The use of collaborative technologies to collect crisis data and empower citizens to help one another was powerfully demonstrated to the world after the Haiti earthquake. It’s in that context and in more conventional crises that “citizens can become sensors,” said John Crowley at the GovFresh conference. Tools like OpenStreetMap, QR codes on paper maps, and Ushahidi can be put to use during emergency situations.

If you haven’t watched Crowley and others present on “crisis mapping
Haiti” from this year’s Where 2.0 conference, it’s worth the view:

All of these tools can empower a globally distributed society to help each other on the local level. To paraphrase the famous saying, we can now click globally, act locally. Just watch the amazing
time lapse of OpenStreetMap edits in Haiti in this video of Tim
Berners-Lee’s TED Talk on Crisis
Commons
:

New emergency management IT “engages citizens in a participatory
model with government,” Berners-Lee suggested. In fact, The federal
government is looking for feedback on that effort, as evidenced by the
U.S. Patent Office seeking
comment on a proposal to encourage the creation and distribution of
humanitarian technology
[PDF].

“This kind of innovation is not a ‘nice to do,’” said Robert
Greenberg, founder and CEO of G&H International Services, quoting
Noveck in Manor. “It’s a must-do for the sake of our democracy.”

Local government 2.0 in beta

The local effort won’t be easy, fast or without risks. We’re all in
open government’s beta period, when lessons from Web 2.0 can be applied to solving millennia-old problems. That’s a primary driver for Code for America, where the mission is to deliver better government through code.

If Gov 2.0 is the Internet boom, in 2010 it’s clear that it won’t be an immediate shift. The recent 2010 civic health report
from the National Conference on Citizenship (NCoC) offers context for
how and why all of that effort matters now to citizens:
people are stepping forward to fix their own problems and help one
another. Consider the story in USA Today of Herrin, Ill., a town taking care of itself. Citizens of Herrin are cooperating to get through the crisis caused by a major plant closing. The town is a microcosm of a post-industrial America in recession.

Collaboration and participation are key aspects of “We government” and open government, where a civic surplus of citizens’ passion, expertise and patriotism is put to work fixing their own communities.

“The most powerful force in American democracy is the connection between and among citizens,” said David B. Smith, NCoC’s executive director in a prepared statement. Civic life in America now includes
a digital component that allows people to share news and co-create in
unprecedented ways. What citizens and local government do with that
force is the next great question.

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  • http://govwin.com/index.php Jeff White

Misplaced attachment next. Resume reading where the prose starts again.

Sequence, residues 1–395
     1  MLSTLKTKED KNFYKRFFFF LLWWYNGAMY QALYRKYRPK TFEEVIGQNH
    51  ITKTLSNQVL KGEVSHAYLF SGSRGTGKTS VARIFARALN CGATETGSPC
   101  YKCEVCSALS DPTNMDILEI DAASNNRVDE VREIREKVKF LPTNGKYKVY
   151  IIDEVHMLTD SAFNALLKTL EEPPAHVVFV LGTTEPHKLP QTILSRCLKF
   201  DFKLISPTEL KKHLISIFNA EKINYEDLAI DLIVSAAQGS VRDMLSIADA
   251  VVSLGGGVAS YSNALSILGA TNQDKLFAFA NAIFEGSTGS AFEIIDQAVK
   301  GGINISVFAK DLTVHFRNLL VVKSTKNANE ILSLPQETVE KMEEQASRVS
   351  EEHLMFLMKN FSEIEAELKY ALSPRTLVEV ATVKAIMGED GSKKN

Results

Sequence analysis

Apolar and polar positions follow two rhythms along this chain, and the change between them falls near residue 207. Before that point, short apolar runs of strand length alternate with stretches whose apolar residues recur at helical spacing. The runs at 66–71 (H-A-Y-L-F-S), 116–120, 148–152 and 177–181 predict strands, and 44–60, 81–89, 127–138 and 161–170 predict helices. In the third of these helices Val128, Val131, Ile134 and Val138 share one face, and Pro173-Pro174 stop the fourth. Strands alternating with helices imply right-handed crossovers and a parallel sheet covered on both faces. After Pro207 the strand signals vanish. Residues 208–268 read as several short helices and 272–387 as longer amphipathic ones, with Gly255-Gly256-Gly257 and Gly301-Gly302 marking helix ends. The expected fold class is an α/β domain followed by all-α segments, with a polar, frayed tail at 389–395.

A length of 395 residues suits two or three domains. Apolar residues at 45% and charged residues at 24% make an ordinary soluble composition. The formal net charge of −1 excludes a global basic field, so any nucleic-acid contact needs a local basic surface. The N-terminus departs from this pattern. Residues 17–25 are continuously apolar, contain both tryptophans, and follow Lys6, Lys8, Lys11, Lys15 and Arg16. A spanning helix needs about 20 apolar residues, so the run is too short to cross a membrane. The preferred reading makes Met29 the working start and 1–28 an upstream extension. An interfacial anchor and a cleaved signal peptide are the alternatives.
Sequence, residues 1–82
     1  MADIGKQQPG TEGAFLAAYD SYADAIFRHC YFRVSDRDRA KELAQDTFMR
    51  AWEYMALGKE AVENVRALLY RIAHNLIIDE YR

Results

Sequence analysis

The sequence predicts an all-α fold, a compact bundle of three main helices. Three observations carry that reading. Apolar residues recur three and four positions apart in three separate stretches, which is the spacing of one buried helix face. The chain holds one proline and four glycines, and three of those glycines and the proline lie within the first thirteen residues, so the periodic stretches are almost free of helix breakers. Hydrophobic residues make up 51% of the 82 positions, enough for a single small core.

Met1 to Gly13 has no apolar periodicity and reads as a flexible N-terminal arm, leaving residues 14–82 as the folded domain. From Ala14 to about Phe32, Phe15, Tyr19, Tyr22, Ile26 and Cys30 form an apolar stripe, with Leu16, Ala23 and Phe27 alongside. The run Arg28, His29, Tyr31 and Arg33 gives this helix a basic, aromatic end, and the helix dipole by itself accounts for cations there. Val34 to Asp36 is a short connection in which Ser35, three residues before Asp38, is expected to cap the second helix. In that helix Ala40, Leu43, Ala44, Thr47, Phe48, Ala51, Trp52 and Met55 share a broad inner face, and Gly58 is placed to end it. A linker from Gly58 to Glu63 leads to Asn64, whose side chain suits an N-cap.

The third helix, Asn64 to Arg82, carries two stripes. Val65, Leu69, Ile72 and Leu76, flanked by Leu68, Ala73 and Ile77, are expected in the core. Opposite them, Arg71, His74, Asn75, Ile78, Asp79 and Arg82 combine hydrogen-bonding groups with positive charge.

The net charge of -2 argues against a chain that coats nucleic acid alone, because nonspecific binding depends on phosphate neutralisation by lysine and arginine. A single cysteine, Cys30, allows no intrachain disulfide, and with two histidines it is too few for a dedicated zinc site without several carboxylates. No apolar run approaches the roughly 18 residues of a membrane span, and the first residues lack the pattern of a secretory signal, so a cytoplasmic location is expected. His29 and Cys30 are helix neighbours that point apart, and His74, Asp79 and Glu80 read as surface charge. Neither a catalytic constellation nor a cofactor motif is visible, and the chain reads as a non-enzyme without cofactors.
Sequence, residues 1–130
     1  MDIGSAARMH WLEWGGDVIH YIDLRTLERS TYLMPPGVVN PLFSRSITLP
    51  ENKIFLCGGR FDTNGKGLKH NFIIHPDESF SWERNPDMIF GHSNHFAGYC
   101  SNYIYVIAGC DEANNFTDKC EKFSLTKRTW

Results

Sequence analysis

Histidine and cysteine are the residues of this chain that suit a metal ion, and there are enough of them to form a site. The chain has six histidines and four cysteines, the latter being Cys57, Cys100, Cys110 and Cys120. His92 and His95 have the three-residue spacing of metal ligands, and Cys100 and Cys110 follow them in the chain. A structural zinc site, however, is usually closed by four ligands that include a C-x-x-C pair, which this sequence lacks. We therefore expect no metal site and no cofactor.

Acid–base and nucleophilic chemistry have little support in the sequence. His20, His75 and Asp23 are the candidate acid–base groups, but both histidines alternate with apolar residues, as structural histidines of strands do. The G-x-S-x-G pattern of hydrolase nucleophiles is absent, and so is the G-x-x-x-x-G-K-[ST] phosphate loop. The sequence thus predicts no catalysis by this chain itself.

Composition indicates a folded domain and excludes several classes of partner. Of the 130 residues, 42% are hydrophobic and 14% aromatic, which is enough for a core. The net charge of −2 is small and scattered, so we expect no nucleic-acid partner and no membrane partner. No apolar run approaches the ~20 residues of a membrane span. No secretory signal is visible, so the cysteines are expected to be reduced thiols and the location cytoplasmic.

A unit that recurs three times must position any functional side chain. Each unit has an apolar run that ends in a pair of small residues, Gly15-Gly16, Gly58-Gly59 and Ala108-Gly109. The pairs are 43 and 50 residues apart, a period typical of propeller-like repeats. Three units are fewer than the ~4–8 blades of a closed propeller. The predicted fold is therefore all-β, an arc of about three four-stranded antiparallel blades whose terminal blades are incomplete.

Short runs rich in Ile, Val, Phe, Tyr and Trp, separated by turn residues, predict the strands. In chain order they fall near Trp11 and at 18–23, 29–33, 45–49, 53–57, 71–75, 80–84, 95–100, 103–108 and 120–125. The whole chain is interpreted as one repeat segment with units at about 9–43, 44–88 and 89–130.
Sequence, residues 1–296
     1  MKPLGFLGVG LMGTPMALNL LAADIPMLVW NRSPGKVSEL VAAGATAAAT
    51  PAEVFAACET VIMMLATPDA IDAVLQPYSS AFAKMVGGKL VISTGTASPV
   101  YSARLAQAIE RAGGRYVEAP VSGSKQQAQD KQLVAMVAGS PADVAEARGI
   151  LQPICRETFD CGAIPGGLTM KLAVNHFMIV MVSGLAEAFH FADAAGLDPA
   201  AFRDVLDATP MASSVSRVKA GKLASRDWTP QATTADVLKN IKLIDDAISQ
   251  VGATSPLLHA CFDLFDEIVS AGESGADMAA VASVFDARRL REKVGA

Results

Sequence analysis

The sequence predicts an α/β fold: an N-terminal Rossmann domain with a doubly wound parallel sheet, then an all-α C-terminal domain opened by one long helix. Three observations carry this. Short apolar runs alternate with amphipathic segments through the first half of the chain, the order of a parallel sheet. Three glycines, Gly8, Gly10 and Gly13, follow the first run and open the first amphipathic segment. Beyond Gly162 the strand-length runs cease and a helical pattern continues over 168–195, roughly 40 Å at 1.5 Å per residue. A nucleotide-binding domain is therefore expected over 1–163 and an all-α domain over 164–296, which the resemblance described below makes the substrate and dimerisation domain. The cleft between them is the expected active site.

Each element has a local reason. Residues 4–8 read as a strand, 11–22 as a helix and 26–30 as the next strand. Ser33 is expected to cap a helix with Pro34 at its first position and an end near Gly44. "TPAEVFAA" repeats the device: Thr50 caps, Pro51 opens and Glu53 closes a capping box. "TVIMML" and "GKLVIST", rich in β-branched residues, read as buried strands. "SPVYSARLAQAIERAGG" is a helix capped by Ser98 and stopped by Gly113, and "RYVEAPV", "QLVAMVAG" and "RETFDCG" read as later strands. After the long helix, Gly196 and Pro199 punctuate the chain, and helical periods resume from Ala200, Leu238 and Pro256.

Once again, O’Reilly Radar provides very in-depth and insightful view of Gov 2.0, and the localized use of social media by State and Local governments seems to be the next phase.

    State and Local governments can also enhance their procurement processes by being part of the more business-forward online networks that helps them align the most qualified contractors for their needs. While the “local government 2.0” movement is quietly gaining momentum, so too is the business revolution in online social networks for government.

  • http://stop.zona-m.net M. Fioretti

    This assumption that the LOCAL dimension of open government and open data is very, very important, is one of the bases of the research project on open data on which I’m working these days, see:

    http://stop.zona-m.net/node/175

    Anybody interested, please contact me at mfioretti, at nexaima, dot net

  • http://twitter.com/sarahebourne Sarah Bourne

    @Jeff, a chuckle escaped from me when I read that state/local use of social media is the “next phase”. When I went to the Gov 2.0 Camp Unconference in DC a year ago April, the local folks were the ones ahead of the curve, sharing information on how they were using these resources to provide better service to their citizens. The social media working group of the Federal Web Managers Council had a healthy share of members from state and local government, providing invaluable advice based on practical experience. Perhaps the next phase will be more awareness and credit for what state and local governments have been doing.

    In many ways, it’s a more natural progression for local government because there is already a culture of direct citizen involvement. I have a problem, I pick up the phone and call City Hall, or I send an email to Public Works. Adding the ability to tweet a pothole just doesn’t seem very remarkable, so it’s less likely to get a headline in the national press.